Can We Travel Again? United Nations Sets Guidelines to Reopen Tourism


On Thursday, the United Nations World Tourism Organization (UNTWO) released a set of global guidelines to assist in giving tourism a reopening leg up. Photo: Klaus Vedfelt/DigitalVision via Getty Images

Is the world ready for tourism? On Thursday, the United Nations World Tourism Organization (UNTWO) released a set of global guidelines to assist in giving tourism a reopening leg up.

The agency is looking to nurture a strong and sustainable recovery. Safe, seamless travel and restoring confidence are key priorities, established in consultation with the cross-sector Tourism Crisis Committee, which was formed to respond to the COVID-19 crisis. 

The committee comprises the heavy-hitting reps of UNWTO’s Member States and Affiliate Members: the World Health Organization (WHO), the International Civil Aviation Organization (ICAO), the Organisation for Economic Co-operation and Development (OECD), World Bank Group and the International Maritime Organization (IMO). There are also private sector voices weighing in, including Airports Council International (ACI), Cruise Lines International Association (CLIA), the International Air Transport Association (IATA) and the World Travel and Tourism Council (WTTC) “to ensure a co-ordinated and effective response.” 

Having a consistent global guideline to follow is good news. But, of course, this all depends on when travel restrictions are lifted. The UNTWO says that international tourism could fall by between 60 and 80 per cent, putting more than 100 million jobs at risk and a possible US$1 trillion lost in exports.

The guidelines are described as safe and secure protocols for tourism recovery, based on the health and welfare of all travellers while mitigating economic impact by means of a co-ordinated response and innovation.

Re-establishing traveller confidence is paramount. And the protocols are designed to reduce risk from the minute you leave home to the minute you return.

The Guidelines

Where appropriate, procedures would include temperature scans, testing, physical distancing, enhanced frequency of cleaning and hygiene kits for air travel, hospitality and events deemed safe through enhanced distancing. Think, the circles being drawn out every two metres in public parks. Restrictions would be lifted only when it is safe to do so and, as much as possible, in co-ordination with other destinations in a region. 

But safety and trust are only a part of it. The UNTWO is also calling on governments to both ensure that the tourism industry is included in economic emergency packages and place sustainable tourism firmly on the national agenda.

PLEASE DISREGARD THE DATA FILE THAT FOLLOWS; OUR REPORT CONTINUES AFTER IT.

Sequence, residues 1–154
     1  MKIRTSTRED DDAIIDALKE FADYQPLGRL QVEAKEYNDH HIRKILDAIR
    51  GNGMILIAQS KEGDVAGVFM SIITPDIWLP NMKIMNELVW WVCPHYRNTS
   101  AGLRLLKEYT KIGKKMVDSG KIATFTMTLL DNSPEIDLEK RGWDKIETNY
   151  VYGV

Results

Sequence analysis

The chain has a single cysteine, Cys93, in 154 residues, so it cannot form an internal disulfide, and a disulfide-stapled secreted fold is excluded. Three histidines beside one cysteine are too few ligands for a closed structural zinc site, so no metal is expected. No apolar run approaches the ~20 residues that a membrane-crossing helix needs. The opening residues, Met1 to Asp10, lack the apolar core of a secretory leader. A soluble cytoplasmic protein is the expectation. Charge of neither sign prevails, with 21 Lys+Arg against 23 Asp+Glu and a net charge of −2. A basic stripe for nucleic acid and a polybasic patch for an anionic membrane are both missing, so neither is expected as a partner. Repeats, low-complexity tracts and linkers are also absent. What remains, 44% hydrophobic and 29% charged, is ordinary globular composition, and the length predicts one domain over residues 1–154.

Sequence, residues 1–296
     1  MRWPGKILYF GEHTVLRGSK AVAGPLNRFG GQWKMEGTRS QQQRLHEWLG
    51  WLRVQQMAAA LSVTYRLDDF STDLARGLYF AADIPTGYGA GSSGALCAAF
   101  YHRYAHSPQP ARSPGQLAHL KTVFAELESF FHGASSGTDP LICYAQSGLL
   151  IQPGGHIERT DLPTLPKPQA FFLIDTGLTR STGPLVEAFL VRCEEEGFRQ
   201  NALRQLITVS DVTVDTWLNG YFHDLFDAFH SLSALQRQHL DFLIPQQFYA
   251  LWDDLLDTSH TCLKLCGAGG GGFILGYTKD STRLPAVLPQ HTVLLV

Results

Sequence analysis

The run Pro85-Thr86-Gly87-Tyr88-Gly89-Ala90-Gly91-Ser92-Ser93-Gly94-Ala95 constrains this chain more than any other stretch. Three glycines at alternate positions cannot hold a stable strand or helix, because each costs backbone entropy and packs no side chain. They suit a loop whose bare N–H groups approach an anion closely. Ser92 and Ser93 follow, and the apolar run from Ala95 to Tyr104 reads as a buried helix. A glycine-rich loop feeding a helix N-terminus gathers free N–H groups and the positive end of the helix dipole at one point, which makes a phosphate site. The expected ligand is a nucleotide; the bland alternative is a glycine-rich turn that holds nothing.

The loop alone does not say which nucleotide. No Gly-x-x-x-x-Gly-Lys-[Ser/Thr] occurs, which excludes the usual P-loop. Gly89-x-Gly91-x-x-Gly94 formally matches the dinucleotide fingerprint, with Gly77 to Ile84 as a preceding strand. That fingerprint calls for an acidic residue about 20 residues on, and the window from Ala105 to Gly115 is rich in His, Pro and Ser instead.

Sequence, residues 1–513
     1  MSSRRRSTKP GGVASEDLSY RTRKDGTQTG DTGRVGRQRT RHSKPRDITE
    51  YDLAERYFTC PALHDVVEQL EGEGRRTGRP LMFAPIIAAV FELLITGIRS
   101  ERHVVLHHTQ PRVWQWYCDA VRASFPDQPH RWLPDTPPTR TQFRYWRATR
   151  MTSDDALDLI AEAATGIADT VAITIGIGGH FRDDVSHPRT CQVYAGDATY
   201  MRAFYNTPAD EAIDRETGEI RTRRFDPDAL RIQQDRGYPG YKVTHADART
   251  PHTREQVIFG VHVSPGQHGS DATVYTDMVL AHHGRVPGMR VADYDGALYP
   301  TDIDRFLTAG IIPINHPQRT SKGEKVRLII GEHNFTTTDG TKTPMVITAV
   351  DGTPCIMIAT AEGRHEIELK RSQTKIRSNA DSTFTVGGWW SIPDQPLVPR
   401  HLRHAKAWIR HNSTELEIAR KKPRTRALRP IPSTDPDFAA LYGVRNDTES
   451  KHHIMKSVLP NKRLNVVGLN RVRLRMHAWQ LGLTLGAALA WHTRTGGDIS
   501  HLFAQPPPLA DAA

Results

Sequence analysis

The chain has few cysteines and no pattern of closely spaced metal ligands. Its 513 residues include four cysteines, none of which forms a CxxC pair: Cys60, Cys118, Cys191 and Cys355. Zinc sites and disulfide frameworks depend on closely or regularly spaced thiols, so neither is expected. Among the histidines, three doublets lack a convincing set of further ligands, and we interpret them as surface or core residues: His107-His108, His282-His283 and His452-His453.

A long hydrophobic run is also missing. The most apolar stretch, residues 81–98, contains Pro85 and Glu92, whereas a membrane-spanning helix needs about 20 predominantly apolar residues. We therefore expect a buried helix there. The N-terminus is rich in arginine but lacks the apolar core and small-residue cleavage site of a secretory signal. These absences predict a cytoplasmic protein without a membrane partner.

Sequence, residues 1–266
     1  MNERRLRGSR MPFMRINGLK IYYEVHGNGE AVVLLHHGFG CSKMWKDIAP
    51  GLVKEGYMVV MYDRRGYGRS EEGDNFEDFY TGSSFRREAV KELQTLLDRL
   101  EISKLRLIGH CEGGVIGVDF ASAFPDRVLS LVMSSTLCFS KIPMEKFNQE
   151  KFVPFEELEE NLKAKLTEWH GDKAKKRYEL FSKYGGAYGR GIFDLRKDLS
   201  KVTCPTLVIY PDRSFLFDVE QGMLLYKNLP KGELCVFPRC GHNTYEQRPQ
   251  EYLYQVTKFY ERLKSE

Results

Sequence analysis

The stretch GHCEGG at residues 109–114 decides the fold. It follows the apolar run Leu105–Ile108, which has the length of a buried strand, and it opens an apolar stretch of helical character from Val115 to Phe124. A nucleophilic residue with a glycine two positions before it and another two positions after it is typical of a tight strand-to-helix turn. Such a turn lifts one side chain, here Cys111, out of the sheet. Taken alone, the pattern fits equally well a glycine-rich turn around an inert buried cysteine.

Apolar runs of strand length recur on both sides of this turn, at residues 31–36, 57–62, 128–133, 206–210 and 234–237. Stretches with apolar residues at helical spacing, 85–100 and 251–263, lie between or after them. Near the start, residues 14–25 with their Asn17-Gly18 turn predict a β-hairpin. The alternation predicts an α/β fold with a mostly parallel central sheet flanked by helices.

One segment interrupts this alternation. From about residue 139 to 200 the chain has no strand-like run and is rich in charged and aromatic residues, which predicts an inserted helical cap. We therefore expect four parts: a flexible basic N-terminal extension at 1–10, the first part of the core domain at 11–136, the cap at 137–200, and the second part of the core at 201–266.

And the traveller? They’ll benefit from tourism rebounding on a stronger footing, as protocols will be better upheld, but there’s also that confidence thing. As part of the guidelines, the agency is recommending ways to ensure consumer protection and confidence.

They say fair arrangements, meaning more flexibility, should be part of the process. Particularly with the rescheduling of cancelled vacations; using alternative methods to settling disputes; and resolving refund issues as as to avoid costly lawsuits. Plus, just making things easier for the traveller including straight forward info on travel restrictions.

And consider the further facilitation of visa policies for temporary visitors. Governments and regional blocks are encouraged to work on travel facilitation with the aim of moving towards e-visa/visa on arrival/no visa policies. 

Starting in 2021, the European Union has stated that all Canadian passport holders will need a visa to enter the EU. It may be possible that the union will consider easing this restriction, knowing that it may hinder travel rebounding even more.

But here at home, domestic tourism should help start rebuilding national and local economies as soon as it’s safe to do so, and the UNTWO believes that domestic tourists are expected to be among the first to travel again. And this is a good thing.

The Financial Boon

According to the Travel Industry Association of Canada (TIAC), it’s a pretty good business. In 2018, tourism brought in about $90 million and accounted for 1.7 million jobs (yes, we said million). In a recent state of the industry, TIAC noted: “Tourism is one of the few truly national industries that generates business in every region, province, territory, town and community.” And as reported earlier this week in the National Post, updated numbers pre-Covid-19 put its value at $102 billion a year, making it the fifth-largest sector — bigger than telecommunications and mining, and employing 1.8 million Canadians.

There’s even a suggestion that employers encourage their staff to take more vacay days in their own backyard — something Australia has been doing for years — but in the COVID reality, via governments moving a few public holidays around to later in the year. A Victoria Day re-do in November? Why not? 

And, yes, even Google comes into play. The group says the tech sector can help streamline the education and skills training across the global tourism sector. Boning up on new protocols could be done digitally with access to free training via the UNWTO Online Academy. Apps, too, will be used to foster consistency throughout airports and hotels and, can also be used as a reminder to physically distance.

“We are thrilled to be working more closely with Google,” UNTWO Secretary-General Pololikashvili said. “The past weeks have highlighted the enhanced role technology plays in our lives, and furthering the digital transformation of tourism will make the sector more resilient and create opportunities for people all around the world.”

Provided the tech doesn’t invade our privacy, of course. In the new COVID reality, we may even have to Google that.